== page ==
TEAMER Network Director Announces RFTS 12 Technical Support Recipients

On May 14, 2024, the U.S. Testing Expertise and Access to Marine Energy Research (TEAMER) program announced the selection of eleven projects through its twelfth Request for Technical Support (RFTS), reflecting a total funding amount of over $1.1 million. These projects will receive support for testing expertise and access to numerical modeling, laboratory or bench testing, tank/flume testing, and expertise within the growing TEAMER Facility Network. Selected applicants, along with their supporting Facility, will now submit their completed Test Plans, a requirement before assistance activities can commence. Applications for RFTS 13 are currently being accepted through June 28, 2024.

Supported by the U.S. Department of Energy and directed by the Pacific Ocean Energy Trust, TEAMER accelerates the viability of marine renewables by providing access to the nation’s best facilities and expertise to solve critical challenges, build knowledge, foster innovation, and drive commercialization.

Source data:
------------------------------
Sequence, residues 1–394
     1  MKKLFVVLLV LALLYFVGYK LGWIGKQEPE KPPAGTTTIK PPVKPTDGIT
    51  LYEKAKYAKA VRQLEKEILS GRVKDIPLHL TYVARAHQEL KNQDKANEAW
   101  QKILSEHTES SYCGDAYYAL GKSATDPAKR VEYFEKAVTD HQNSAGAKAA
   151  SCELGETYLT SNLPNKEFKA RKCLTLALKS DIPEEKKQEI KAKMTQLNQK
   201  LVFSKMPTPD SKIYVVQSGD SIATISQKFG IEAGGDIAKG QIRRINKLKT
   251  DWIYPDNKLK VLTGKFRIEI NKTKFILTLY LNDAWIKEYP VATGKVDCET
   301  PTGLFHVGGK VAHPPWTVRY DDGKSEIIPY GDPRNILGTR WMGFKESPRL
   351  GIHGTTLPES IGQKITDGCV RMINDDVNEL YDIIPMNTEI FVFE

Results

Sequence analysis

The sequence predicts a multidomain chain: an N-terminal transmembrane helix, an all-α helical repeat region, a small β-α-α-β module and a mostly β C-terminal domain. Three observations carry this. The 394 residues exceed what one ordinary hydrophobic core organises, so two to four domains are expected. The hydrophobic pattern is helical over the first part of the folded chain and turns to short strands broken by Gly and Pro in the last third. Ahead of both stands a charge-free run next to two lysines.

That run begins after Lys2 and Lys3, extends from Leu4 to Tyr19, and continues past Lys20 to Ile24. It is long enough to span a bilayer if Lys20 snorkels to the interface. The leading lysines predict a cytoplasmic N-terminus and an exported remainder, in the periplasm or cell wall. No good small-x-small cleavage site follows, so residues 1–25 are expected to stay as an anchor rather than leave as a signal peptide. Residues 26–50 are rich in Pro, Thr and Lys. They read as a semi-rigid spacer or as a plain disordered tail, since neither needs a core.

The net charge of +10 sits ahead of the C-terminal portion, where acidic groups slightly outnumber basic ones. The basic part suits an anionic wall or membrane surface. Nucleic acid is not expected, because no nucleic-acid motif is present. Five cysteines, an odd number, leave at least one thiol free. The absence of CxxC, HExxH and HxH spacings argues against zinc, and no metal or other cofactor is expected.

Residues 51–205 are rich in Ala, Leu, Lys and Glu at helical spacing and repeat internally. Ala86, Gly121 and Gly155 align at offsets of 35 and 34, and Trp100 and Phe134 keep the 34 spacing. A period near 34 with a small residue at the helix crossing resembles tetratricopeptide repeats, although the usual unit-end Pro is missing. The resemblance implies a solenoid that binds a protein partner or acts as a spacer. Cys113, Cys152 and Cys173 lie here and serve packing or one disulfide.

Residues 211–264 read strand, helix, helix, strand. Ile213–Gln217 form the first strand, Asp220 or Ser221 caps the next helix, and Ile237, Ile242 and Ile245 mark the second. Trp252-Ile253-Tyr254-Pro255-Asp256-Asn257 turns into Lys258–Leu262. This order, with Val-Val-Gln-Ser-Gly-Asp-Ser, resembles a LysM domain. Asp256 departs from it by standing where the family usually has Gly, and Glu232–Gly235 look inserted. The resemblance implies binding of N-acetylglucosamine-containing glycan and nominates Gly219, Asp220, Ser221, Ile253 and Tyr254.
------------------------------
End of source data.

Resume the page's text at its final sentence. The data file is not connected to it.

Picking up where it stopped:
The following projects have been selected to proceed:

CalWave Power Technologies Inc.
xWave – ABS Path to Certification – Prototype Validation Stage

Facility: American Bureau of Shipping (ABS)

Under RFTS 3, the American Bureau of Shipping (ABS) provided expert, independent review of CalWave’s technology development and advancement of the xWave system on concept feasibility and verification stages. In this project we will continue the New Technology Qualification (NTQ) process with ABS on prototype validation stage. The review includes engineering design documentation, numerical modeling, multiple rounds of wave tank testing and power take-off (PTO) bench testing, as well as anchoring and mooring design and operations/logistics planning documents. The intent of the review is to illustrate a Path to Certification, using the ABS NTQ process. Providing certification for marine energy systems is critical for unlocking project financing and insurability or commercial deployments.

Optimization of a Wave Power System (WPS) Structure and Interfaces for Generator Integration

Facility: Cardinal Engineering